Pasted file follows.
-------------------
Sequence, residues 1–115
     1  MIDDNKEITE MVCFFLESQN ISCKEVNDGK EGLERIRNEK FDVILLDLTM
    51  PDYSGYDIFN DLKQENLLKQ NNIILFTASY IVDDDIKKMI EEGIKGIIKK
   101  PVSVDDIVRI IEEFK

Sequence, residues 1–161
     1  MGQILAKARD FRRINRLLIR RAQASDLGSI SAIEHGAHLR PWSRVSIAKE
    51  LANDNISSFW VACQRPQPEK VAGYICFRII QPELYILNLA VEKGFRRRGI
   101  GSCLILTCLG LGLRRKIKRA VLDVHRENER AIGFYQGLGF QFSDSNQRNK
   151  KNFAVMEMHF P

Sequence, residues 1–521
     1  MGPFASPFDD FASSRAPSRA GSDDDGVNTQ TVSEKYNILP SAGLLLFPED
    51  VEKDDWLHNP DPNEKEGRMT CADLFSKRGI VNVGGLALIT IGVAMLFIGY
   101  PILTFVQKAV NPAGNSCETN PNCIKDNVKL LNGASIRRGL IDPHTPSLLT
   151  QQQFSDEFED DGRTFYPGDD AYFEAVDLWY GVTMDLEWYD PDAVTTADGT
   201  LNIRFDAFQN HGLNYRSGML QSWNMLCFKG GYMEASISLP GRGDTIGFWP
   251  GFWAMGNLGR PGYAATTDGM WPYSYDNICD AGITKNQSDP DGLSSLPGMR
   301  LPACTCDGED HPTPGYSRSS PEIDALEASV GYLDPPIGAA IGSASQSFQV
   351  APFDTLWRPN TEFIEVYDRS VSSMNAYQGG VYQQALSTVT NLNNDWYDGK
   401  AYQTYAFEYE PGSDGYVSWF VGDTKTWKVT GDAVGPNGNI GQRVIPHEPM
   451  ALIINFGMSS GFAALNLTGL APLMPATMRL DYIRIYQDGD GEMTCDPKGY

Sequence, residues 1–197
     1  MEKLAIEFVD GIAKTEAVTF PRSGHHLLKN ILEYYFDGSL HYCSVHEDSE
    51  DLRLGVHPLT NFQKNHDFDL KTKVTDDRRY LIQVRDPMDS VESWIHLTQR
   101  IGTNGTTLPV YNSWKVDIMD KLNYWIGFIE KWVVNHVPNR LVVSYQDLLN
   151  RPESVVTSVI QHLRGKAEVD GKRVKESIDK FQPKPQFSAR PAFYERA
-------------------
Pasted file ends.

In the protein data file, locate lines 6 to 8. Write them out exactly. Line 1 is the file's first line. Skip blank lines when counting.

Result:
     1  MGQILAKARD FRRINRLLIR RAQASDLGSI SAIEHGAHLR PWSRVSIAKE
    51  LANDNISSFW VACQRPQPEK VAGYICFRII QPELYILNLA VEKGFRRRGI
   101  GSCLILTCLG LGLRRKIKRA VLDVHRENER AIGFYQGLGF QFSDSNQRNK